China and India have overtaken the U.S. at the top of the latest EY Renewable Energy Country Attractiveness Index (RECAI), in what comes as the country’s first fall in the ranking of the 40 top countries since 2015.
The reasons behind the downturn are identified in the report as a major shift in U.S. policy under the new administration, which has seen climate change dismissed as a hoax, undone some of the Obama-era environmental regulations, attempted to revive the coal industry and scrutinized the Clean Power Plan.
“Movements in the index illustrate the influence of policy on renewable energy investment and development – both productive and detrimental. Supportive policy and a long-term vision are critical to achieving a clean energy future,” said Ben Warren, EY Global Power & Utilities Corporate Finance Leader, and RECAI Chief Editor.
In the wake of the National Energy Administration (NEA) announcement in January 2017 that it would invest $363 billion in developing renewable power capacity by 2020, which would account for half of all new generating capacity and create 13 million jobs, China secured its No. 1 position in the RECAI ranking.
Furthermore, China plans to launch a pilot tradable green certificate program in July, which is set to reduce government subsidies and provide guarantees that electricity was generated from renewable sources, as it continues to make strides towards its 2020 clean energy targets, including cutting greenhouse gas emissions by 18% per unit of economic growth under the Paris Agreement.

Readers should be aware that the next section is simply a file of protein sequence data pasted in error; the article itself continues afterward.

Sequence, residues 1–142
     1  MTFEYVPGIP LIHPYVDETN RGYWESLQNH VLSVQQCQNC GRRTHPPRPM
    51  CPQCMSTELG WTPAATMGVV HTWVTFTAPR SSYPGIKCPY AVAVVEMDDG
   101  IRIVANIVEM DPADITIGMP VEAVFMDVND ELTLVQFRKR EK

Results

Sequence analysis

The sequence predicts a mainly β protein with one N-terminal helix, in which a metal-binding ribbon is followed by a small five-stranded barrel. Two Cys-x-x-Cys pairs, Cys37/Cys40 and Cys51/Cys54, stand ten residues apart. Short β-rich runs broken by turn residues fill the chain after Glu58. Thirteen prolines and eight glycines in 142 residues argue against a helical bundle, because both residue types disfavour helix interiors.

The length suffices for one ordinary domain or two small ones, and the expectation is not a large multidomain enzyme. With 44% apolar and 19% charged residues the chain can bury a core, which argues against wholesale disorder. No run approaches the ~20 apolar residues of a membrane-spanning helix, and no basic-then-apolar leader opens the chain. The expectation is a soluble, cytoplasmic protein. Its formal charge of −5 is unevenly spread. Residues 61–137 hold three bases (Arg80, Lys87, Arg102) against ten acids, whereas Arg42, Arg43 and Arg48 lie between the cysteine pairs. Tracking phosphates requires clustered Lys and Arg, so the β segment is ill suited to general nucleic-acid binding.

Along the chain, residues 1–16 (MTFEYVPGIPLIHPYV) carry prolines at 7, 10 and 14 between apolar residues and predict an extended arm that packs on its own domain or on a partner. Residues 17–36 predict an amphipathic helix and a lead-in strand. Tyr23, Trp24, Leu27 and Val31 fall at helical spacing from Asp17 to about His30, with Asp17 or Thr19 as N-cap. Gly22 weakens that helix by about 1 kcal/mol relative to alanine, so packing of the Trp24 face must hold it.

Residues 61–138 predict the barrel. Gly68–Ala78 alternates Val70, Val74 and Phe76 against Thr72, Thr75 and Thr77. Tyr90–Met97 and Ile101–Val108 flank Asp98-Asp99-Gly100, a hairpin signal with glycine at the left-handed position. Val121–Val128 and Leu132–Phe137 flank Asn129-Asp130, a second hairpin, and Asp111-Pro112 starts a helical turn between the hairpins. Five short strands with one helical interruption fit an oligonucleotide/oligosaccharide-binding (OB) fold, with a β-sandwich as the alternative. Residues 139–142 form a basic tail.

In the RECAI rankings, India came in second, continuing its upward movement. Aiming for 175 GW in renewable energy generation, 100 GW of which is to be solar, by 2022 and 40% of renewable installed capacity by 2040, the country has already installed more than 10 GW of solar capacity in the last three years – starting from a low base of 2.6 GW in 2014.
“The renewable energy industry is beginning to break free of the shackles that have stalled progress in the past. More refined technology, lower costs and advances in battery storage are enabling more widespread investment and adoption of clean energy,” Warren said.
The index welcomed Kazakhstan (37), Panama (38) and the Dominican Republic (39) as newcomers, whose turn to economically viable renewable energy alternatives was prompted by security of supply concerns.